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Grandparents Rights

Grandparents Rights in Family Law in England and Wales
Grandparents Rights in Family Law in England and Wales
Grandparents Rights in Family Law in England and Wales

Do I have automatic rights for my grandchild's custody?


It is a common assumption that due to a direct relation, grandparents would have automatic rights over their grandchildren. Unfortunately, they do not.


However, under the 1989 Children's Act, you may apply for these rights – if, and only if, the courts permit you. Yes, you need to apply for Permission to apply!


Remember – even though you may not have automatic rights while making decisions, the court will consider the blood relations between you and your grandchild.


We advise that you seek legal advice when looking for permission to apply for care of your grandchild, or for contact with your grandchild(ren).

There was a time the Child Arrangement Orders were called Child Custody, however they are now called Child Arrangement Orders, and sadly Grandparents do not automatically qualify to automatically for Child Arrangement Orders. If you need help, please get in touch with us on

Legal orders that could come into play when seeking these rights include:


  • Child Arrangement Order - The courts can decide whether the child will change residence, or remain in their current residence.

  • Special Guardianship Order -The courts have the ability to assign someone as 'Special Guardian' of the child until they turn 18.

  • Kinship foster care - When someone legally and officially becomes a foster carer for the child (ren)

The parent/carer of my child won’t facilitate contact, what should I do?


If the grandparents have applied for and have been granted a Child Arrangement Order allowing the Grandparent(s) to have contact with the grandchild(ren) it is expected that the parents/carer in question will facilitate that contact. However, if the Order of the Court was breached/broken, the remedies may include an Enforcement Application.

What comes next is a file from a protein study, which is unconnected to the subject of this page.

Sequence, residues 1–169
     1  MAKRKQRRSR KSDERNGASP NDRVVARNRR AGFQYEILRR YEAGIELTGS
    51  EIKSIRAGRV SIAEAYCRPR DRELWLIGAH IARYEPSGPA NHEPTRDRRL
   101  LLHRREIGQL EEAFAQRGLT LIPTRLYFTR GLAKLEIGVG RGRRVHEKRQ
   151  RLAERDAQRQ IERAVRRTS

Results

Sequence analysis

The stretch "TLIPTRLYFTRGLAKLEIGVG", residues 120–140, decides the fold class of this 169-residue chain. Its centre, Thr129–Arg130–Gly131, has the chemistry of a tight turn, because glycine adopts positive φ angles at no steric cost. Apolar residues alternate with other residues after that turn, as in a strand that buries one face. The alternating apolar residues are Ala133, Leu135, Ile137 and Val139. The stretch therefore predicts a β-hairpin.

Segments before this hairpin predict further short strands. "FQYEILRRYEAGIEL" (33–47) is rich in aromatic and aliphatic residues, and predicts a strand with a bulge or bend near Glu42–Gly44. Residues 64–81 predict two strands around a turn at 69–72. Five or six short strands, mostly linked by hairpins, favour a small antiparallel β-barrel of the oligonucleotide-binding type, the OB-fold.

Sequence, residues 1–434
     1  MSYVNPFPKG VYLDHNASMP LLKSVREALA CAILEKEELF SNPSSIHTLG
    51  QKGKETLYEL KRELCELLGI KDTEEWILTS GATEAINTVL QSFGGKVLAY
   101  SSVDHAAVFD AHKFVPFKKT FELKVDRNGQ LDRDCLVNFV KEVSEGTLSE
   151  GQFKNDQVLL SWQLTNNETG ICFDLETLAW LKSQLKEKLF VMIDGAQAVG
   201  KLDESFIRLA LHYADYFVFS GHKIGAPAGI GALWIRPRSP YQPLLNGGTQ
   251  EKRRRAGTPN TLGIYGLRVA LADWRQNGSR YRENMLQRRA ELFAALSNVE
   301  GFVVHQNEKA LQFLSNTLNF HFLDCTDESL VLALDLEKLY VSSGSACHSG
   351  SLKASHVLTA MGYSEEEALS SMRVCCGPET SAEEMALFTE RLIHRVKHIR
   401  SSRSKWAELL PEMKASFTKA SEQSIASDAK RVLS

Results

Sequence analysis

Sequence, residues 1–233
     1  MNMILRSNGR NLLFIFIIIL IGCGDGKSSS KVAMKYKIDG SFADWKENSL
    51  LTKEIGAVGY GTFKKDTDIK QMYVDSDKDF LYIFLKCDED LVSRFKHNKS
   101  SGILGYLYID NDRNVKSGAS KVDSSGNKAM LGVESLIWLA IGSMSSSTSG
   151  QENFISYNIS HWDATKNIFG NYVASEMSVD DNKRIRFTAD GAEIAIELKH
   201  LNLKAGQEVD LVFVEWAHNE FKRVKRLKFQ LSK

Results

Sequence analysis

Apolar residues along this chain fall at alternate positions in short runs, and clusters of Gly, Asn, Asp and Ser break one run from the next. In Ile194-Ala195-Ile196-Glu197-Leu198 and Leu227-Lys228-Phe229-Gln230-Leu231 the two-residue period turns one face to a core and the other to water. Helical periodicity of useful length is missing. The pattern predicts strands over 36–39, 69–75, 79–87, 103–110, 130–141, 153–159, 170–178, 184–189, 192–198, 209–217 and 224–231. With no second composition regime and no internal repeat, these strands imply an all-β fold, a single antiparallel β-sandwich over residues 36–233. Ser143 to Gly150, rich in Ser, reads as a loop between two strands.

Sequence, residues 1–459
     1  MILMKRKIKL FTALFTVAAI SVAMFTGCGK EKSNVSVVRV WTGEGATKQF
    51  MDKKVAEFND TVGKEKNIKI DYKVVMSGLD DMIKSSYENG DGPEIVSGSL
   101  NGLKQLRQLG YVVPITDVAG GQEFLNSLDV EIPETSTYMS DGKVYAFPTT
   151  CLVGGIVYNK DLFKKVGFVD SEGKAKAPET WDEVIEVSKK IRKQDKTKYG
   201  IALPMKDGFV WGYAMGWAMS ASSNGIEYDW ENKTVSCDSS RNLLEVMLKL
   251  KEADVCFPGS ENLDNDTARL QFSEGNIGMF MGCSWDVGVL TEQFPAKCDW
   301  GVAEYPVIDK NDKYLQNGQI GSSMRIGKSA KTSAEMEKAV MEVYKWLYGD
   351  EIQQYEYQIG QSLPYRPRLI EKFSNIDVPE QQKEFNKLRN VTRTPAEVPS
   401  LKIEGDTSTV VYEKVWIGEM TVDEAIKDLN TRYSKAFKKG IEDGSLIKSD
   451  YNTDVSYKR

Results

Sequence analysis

The charges for breaking contact orders vary, as court systems are complex and often lengthy.  Some may include the imposition of parenting courses, unpaid work. In extreme cases, parents can be imprisoned for disobeying such orders. 


Often, in time of divorce, grandparents are seen as the figurehead to maintain some semblance of stability in the child's life. Involvement with your grandchild(ren) may make a difference to the contact you are granted with them


 If either one or even both parents are refusing contact with your grandchild(ren), you will have to show to the court why your presence will be beneficial for the child(ren).

  • Prove that your grandchild misses you and that you miss them

  • Display the practical, and emotional support you could offer in the care of the child(ren)

  • Explain that a child's grandparents contribute significantly to their identity.

  • Remember that it is very likely that the grandchild(ren) will be consulted if you are denied contact with them – if the outcome of this is positive it will work hugely in your favour